Plenty of friends and family think I just get to play make believe and dress up in fun costumes, but people don’t really get to see the vigorous work in between that gets you from job to job. Not to mention the long gaps between jobs or even auditions that is actually quite normal. The countless auditions, classes, meetings and networking (and so much more). The idea and timeframe of success is a big misconception I think the masses have in general of the industry.
FF: The grind in the industry is clear. What do you do to keep going?
LS: I’ve wanted to do this since I was about six years old, which basically means I’ve been researching for a very long time about that very thing. How do you keep going in an industry that has no stability and constant rejection? I’ve watched and read countless interviews with actors giving advice on the grind of the industry, and the most common thread of advice has been this: Do at least one thing for your acting career every single day. This career definitely has its ups and downs, its non stop busy times and it's absolutely dead at times. But I’ve found if you try to do at least one thing every day, no matter how small, you not only feel motivated but you keep up your momentum for an opportunity to arise. Being successful or having longevity in this industry is a mixture of luck and preparedness. Opportunities are pretty much luck, but they come up more often if you are constantly trying to better yourself as an actor and you work your butt off, making sure you are prepared when that lucky door opens.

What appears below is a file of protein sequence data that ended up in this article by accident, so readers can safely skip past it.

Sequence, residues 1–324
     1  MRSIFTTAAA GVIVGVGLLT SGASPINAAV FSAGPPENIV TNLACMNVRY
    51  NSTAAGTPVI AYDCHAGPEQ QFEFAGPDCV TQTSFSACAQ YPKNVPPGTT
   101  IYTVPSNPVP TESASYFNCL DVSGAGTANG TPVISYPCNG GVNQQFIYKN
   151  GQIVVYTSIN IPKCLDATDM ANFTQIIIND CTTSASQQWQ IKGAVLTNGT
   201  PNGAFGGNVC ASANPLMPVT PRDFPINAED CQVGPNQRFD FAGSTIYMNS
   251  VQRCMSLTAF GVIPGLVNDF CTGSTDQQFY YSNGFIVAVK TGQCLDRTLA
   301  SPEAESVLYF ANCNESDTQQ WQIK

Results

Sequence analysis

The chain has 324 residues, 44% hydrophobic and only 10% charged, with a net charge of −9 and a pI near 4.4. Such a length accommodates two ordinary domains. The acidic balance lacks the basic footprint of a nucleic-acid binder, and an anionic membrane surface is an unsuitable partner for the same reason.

FF: What about the other side of things: is there a reward that you personally find in the industry that you would like to share?